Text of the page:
Wednesday, March 28, 2018
Album Review :: Cabbage - Nihilistic Glamour Shots
Nihilistic Glamour Shots
March 30 2018 (BMG/Infectious Music)
Words: Danny Shackleton
After what seems like an age waiting - mainly due to their formidable presence on the live circuit and mass of recordings released over a relatively short time - we finally have the official debut album from Cabbage. It's hard not to have noticed the impact these five Mossley lads have had over the past two years with their incendiary live shows, a fair few controversies and, let's face it, the name alone which strikes interest.
‘Preach To The Converted’ kicks off the album (which was produced by The Coral's James Skelly alongside Rich Turvey at Parr Street Studios in Liverpool) with a big opening salvo, and is presumably what they will be doing, with most people listening likely to already be fans of the band. The dynamic of Cabbage allows both Lee Broadbent and Joe Martin to perform lead vocals on their songs, changing seamlessly when required and allowing different perspectives to be achieved depending on who sings, shown here with Lee adding a touch of the psychotic to the chorus.
Lead single ‘Arms of Pleonexia’ has a soaring chorus and continues with the experimental sound first heard on recent EP, ‘Celebration of a Disease’. One thing to note is that with the track listing, it is highly unlikely that any ‘average Joe Chart-Music’ will be looking at this and thinking they would like to listen, with tracks like ‘Molotov Alcopop’, the infectious ‘Obligatory Castration’ and ‘Post-Modernist Caligula’. ‘Exhibit A’ harks back to the early days showing similarities to ‘Dinner Lady’ with its slinky-strike-funky riffs - but with a more experienced and refined Cabbage sound.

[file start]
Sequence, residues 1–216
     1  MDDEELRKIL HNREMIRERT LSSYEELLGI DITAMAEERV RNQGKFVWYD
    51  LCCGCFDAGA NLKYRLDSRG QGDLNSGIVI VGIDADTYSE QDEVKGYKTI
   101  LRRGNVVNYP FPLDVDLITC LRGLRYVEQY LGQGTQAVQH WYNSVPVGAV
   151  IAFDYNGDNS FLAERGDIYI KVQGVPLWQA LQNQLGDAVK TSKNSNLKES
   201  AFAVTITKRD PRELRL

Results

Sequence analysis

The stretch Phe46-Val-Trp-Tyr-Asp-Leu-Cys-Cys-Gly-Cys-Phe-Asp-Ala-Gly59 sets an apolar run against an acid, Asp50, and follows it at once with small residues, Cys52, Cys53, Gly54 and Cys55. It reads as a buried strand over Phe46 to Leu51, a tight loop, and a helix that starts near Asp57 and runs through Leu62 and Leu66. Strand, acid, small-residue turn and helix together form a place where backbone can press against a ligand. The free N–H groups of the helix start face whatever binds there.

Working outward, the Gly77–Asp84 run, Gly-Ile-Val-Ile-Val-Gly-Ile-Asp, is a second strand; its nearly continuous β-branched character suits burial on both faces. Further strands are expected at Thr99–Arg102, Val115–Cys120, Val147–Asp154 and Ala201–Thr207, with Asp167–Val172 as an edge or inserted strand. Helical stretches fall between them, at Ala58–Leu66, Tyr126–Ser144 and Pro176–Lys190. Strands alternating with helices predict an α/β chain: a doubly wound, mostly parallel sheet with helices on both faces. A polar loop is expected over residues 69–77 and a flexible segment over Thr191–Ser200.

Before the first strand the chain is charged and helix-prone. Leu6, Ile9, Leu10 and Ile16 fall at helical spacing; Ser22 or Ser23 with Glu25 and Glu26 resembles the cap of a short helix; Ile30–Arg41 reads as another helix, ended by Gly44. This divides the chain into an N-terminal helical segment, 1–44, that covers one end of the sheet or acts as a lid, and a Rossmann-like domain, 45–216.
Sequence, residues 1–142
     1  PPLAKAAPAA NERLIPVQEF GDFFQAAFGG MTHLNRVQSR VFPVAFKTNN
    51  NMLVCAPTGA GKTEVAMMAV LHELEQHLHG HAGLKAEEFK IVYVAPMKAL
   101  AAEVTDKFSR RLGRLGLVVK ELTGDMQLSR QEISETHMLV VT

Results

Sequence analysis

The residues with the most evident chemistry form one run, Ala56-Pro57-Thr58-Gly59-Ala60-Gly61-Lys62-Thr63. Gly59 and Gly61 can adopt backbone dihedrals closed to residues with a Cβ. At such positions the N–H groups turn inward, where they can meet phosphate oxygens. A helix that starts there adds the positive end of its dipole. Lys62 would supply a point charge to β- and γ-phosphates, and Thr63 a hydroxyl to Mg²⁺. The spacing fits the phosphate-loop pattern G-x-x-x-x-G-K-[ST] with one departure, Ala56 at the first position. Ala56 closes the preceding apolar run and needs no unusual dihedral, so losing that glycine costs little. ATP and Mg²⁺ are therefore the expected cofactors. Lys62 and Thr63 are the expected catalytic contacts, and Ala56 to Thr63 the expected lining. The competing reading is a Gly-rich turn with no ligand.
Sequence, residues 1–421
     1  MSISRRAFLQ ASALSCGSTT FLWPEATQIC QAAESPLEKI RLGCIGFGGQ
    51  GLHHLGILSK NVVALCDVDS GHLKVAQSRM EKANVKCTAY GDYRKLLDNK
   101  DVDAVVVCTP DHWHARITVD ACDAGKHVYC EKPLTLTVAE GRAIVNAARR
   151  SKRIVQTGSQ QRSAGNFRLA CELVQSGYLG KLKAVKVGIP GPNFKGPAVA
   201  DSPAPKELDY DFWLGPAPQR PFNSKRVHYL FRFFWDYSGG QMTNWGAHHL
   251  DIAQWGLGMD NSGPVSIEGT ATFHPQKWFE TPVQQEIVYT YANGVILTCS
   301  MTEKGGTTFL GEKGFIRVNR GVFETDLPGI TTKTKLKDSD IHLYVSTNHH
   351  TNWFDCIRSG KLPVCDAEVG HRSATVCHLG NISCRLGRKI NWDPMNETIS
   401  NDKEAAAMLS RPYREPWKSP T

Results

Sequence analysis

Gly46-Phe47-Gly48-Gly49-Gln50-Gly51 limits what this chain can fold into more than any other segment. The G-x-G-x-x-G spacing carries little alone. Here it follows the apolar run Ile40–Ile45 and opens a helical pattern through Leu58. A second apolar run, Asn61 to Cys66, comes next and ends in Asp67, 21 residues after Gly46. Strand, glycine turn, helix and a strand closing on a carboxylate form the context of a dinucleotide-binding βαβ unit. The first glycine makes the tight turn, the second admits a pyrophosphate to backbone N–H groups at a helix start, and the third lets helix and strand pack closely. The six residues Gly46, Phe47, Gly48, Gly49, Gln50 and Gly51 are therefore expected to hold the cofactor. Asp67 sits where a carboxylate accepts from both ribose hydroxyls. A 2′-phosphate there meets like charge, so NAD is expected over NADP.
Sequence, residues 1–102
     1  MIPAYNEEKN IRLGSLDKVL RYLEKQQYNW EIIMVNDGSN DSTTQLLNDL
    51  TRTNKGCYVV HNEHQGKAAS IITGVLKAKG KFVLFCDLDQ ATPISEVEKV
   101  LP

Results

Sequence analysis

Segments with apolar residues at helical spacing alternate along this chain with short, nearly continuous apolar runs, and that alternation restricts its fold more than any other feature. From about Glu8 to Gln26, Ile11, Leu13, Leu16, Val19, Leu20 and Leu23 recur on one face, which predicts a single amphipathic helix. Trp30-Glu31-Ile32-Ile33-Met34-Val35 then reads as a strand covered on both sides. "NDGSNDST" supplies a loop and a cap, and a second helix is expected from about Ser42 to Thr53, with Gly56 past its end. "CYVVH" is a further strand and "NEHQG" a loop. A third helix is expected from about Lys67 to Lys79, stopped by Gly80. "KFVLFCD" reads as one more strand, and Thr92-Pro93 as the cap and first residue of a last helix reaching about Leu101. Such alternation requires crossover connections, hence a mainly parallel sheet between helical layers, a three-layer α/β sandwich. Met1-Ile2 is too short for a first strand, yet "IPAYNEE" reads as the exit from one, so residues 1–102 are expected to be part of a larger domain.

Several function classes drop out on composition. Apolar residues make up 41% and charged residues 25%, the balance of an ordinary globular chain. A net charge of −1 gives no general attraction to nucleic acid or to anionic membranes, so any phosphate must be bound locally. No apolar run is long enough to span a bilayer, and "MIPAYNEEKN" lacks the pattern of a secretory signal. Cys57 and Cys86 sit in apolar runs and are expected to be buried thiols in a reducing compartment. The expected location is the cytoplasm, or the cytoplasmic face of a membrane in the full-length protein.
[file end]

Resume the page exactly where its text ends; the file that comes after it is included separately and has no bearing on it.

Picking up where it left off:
‘Disinfect Us’ has all the qualities of being the sadistic ballad of the album with its anthemic chorus and marching beat throughout. Unfortunately, as with most modern albums, this seems to peter out towards the end, finishing with tye seven-minute ‘Subhuman 2.0’, which starts with a nice acoustic section but then dwindles out in what can only be described as noise. ’Reptiles State Funeral’ especially has a very lo-fi production which can make some of the song indecipherable and not very pleasing on the ear. The last two songs seem to be confused in what they are and don’t really fit with rest of the album, which is quite tight and flows well.
One can’t help but think that releasing what is now the ‘Young, Dumb and Full of…’ compilation at the height of their hype would have had more of an impact in reaching a wider audience with its out and out punk attitude. Regardless, this offering shows a more mature Cabbage willing to express a more developed song writing style, allowing more cultural and political references to be included in the lyrics, showing them to be one of the most switched on political bands of this generation. Despite the dip towards the end, this is still a very good album and will give the band a bit of a headache when deciding which of the old songs to drop in favour of the new material.